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Old 06-24-2010, 12:49 AM - Thread Starter
 
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My son has been given a IEP for K this next year but I am hesitant about sending him to the local public school. i have applied to a local homeschooling charter school that is thru the state of California but I won't know until Aug if we got in. If we don't get in I wanted to homeschool him anyway but does that mean I forfeit my IEP? Do I haveto send him to a public school thru the state to make use of the IEP? Anyone have any ideas? This is our first year with a IEP. Any help would be appreciated. i will alos put this in the homeschooling forum. Thanks

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Old 06-24-2010, 12:57 AM
 
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I am not sure how it works with homeschooling but my son is going in to prek3 and if they told us that if we decide to not send him and to either send him to another private program or to keep him at home then they would still provide his services(speech)-either I bring him to the school or they would come to him. Not sure if it works the same for older kids but I don't see why it wouldn't. Regarding everything written into the IEP--that would mainly be on you or whoever is teaching him.

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Old 06-24-2010, 01:48 AM
 
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It is my understanding that some of the thing on his IEP, such as speech therapy, he will still get, but that other accomodations listed that are specific to being in a classroom he obviosly won't.

There are a lot of things to consider when deciding to homeschool a child with special needs.

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Old 06-24-2010, 01:39 PM - Thread Starter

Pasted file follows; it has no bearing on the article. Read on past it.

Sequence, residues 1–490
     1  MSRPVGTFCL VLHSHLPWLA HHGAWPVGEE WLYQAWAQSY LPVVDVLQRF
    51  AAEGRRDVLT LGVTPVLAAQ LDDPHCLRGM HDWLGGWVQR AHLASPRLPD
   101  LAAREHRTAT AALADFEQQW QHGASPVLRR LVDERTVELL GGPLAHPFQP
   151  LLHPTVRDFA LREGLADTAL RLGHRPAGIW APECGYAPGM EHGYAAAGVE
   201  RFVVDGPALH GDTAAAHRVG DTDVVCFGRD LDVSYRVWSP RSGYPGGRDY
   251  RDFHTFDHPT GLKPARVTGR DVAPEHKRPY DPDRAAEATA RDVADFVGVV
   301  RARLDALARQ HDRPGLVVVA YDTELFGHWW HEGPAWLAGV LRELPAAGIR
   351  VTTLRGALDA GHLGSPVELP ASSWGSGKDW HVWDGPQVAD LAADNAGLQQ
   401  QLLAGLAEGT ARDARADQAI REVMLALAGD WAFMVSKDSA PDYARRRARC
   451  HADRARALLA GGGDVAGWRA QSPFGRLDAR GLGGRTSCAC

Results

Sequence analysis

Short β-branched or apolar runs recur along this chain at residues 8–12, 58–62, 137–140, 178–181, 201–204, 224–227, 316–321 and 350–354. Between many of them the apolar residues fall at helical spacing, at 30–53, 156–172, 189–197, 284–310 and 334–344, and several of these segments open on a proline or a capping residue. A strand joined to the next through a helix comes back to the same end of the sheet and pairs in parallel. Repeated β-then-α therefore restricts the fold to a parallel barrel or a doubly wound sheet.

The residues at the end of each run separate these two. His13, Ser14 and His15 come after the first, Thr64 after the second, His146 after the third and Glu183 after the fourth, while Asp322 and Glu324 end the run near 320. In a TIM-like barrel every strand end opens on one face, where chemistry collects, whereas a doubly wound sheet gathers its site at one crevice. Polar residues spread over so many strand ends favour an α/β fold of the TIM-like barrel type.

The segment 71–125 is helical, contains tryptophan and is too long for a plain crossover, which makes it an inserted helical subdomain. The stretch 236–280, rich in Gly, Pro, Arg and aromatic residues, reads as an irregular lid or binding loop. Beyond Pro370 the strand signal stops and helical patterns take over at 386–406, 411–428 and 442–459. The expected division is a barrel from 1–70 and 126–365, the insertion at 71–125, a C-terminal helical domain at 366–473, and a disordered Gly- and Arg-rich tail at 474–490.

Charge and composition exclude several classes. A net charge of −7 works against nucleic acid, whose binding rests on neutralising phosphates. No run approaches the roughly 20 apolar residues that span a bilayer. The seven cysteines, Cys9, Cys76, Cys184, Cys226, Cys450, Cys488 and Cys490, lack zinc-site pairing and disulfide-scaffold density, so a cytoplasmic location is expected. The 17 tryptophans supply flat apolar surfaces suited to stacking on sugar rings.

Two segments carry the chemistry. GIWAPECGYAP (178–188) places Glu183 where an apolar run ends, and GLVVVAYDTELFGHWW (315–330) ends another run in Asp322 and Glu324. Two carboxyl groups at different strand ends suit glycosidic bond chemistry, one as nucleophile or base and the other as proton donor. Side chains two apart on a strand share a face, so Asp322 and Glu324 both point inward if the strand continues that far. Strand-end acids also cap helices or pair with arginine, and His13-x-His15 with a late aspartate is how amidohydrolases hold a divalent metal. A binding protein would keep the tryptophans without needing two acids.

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He has SPD and APD so i feel like the school environment is going to be too much for him and definately too distracting. He also struggles socially with other kids and I am afraid things will go on that people don't see or address. There are supposed to be 24 kids in his class and becasue of budget cuts there will be no aide only parent help. I just can't send him for 5 hrs to a place he isn't being supported in. It feels like I am throwing him to the wolves. i worry about his self esteem and his ability to learn anything will all the challenges he faces. I think home will be a better place and we can join other homeschoolers for social stuff.

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Old 06-24-2010, 03:50 PM
 
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Whats APD?

Most charter schools don't provide any special services, not even a counselor or social worker much less a special education teacher. IMHO, they are seldom the right placement for special needs students.

What is in his IEP that you don't want to lose? Most of what my DD gets through her accomodations at school wouldn't have been relevant when we were homeschooling.

My DD has Aspergers (including SPD, anxiety, social issues, etc) and homeschooled until she was 12. She currently attends public school. If you have any questions, just ask.

<<He also struggles socially with other kids and I am afraid things will go on that people don't see or address. >>

The flip side is that he can have issues that don't show up at home and therefore get missed. It's easier for kids to seem more *normal* at home because they aren't seen next to peers every day, which might seem good short term, but also means that core issues can be ignored for years.

It is also more experience that other homeschoolers weren't interested in helping my DD socially, but the staff at her school is.

A bunch of other 5 year olds and a nice teacher aren't wolves.

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Old 06-24-2010, 05:07 PM
 
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We have done homeschool with an IEP. As someone mentioned, services such as ST, PT, and OT apply, and obviously the classroom stuff doesn't apply (if he does end up in the alternative school, and folks there are willing to coordinate, they can do things like attend IEP meetings just to make sure info is exchanged between school staff and therapy staff).